Monday, August 29, 2011

Yet Another Hidden Word (Number 70, Persian)

Have you ever had "vuja de" while reading something? The sense that you have never read anything like it ever before?

I swear I must have read the Hidden Words dozens of times, at least, and yet, when I read this passage the other day not a single phrase out of it sounded even remotely familiar. There have been many times when I've read passages in the Writings that took on a whole new meaning that it was as if I never read them before, but this one seemed completely new to me. Well, except for the first three words.

Aside: I was in a meeting one evening, and we were getting ready to say prayers. We were all talking quietly while waiting for the last few people to come in, and a few of us had already chosen the prayers we wanted to say. One guy looked up and asked the man across from him, "What's that Hidden Word you always read?" The other man looked perplexed and asked, "How does it begin?" Without pause, I piped in, "O Son of..." There was just that moment of precious silence before everyone in the room burst out laughing.

So, yes, I did recognize the first three words. But the rest of it? I must have picked up a new edition that just recently included it in there, for I've never read it before.

Oh, sorry. Which one?

Pleasant is the realm of being, wert thou to attain thereto; glorious is the domain of eternity, shouldst thou pass beyond the world of mortality; sweet is the holy ecstasy if thou drinkest of the mystic chalice from the hands of the celestial Youth. Shouldst thou attain this station, thou wouldst be freed from destruction and death, from toil and sin.

Marielle and were talking about it yesterday and she pointed out to me something very interesting about human nature, or at least my own nature. I see myself in her observation, even if nobody else thinks it refers to them. She said that the Hidden Words seem to be easily divided into two groups for most us: those that refer to us, and those that don't.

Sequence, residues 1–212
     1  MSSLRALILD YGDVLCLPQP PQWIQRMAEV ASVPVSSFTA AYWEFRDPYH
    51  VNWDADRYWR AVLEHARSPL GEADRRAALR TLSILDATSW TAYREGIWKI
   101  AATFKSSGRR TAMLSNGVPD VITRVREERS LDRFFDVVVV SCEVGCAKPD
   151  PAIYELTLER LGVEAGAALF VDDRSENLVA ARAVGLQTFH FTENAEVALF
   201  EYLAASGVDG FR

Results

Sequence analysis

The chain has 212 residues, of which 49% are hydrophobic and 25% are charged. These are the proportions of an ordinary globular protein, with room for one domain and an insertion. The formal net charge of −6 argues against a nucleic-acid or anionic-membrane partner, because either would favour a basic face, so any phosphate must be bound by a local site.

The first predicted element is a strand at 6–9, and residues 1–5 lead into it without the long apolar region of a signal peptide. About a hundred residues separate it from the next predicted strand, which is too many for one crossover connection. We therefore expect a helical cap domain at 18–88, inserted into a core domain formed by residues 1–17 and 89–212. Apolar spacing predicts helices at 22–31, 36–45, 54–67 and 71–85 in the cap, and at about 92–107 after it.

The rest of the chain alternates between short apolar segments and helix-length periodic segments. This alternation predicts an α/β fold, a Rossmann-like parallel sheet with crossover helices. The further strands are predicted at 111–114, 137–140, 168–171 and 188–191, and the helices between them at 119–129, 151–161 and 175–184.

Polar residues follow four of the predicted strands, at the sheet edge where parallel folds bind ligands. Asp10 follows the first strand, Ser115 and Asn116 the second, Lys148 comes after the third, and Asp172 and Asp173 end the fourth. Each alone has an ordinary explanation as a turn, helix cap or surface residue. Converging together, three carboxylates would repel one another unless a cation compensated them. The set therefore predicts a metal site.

"O Son of Spirit"? "O Son of Being"? "O Son of Utterance"? "O Son of the Wondrous Vision"? "Sure! Those refer to me. I can see myself in those terms." Every single one of the openings in the Arabic Hidden Words, and most in the Persian? We can, with great joy, see Baha'u'llah referring to us in those lofty and majestic terms.

"O Son of Dust"? "O Fleeting Shadow"? Hey, they're just reminders of our ephemeral state on this earth. Sure, we can say, they refer to us.

"O Essence of Negligence"? Wait a second. "O Ye that are Lying as Dead on the Couch of Heedlessness"? Uhm... "O Ye that are Foolish, Yet Have a Name to be Wise"? Ah. Obviously not me. "O Ye Seeming Fair Yet Inwardly Foul"? Phew. I can breathe a sigh of relief, for these obviously don't refer to me.


Now it may just be me, and remember, this is nothing official, just my own simple opinion, but I think Baha'u'llah is calling out to each and every one of us. When I look at myself, I mean really look deep inside and examine myself in the light of this Revelation, and ask myself, "Am I negligent? Am I heedless? Foolish? Am I as good a person as some of my friends think, or am I inwardly foul?" I have to admit to myself that every one of these epithets can refer to me. (Well, maybe I'm not the absolute essence of negligence, but I am negligent at times.)

Another aside: I was about to say that I don't have a "name to be wise", but then I remembered Baha'u'llah's phrase, "the eternal meads of celestial wisdom". And so, a word of wisdom to you, dear Reader: Save your children the grief of having a name that is in the Writings. There is no way that we can ever live up to it. (Says the father of a child named "Shoghi".)

Maybe I just better get back to that Hidden Word I was supposed to be writing about.

"O Son of Worldliness"? Who is He referring to? Well, once again, I think He is talking to each of us. At the very least, I know He is talking to me. To be worldly, after all, means to be concerned with this world, as opposed to the spiritual world. I am only striving to overcome this, and here, in this Hidden Word, Baha'u'llah reminds us of the importance of doing that.

Pleasant, He says, is the next world. Glorious it is, if only we will take the time to pass beyond this world in our spirit. And if we desire "holy ecstasy", that is what He is offering us within His teachings. This Faith, His teachings, offer us that promised freedom from pain and death. But we have to be careful, for He doesn't offer us freedom from the pains of this world, but from the turmoil of the spirit. Remember, He extols that "crimson ink that hath been shed in (His) path", and those who drank of the cup of martyrdom often seemed to pass beyond the veil of pain despite their countless sufferings. And any work done in His path is truly a joy.

Yeah, it makes me glad that I actually read this passage this time around. It really is such a good reminder of what is important in this world.

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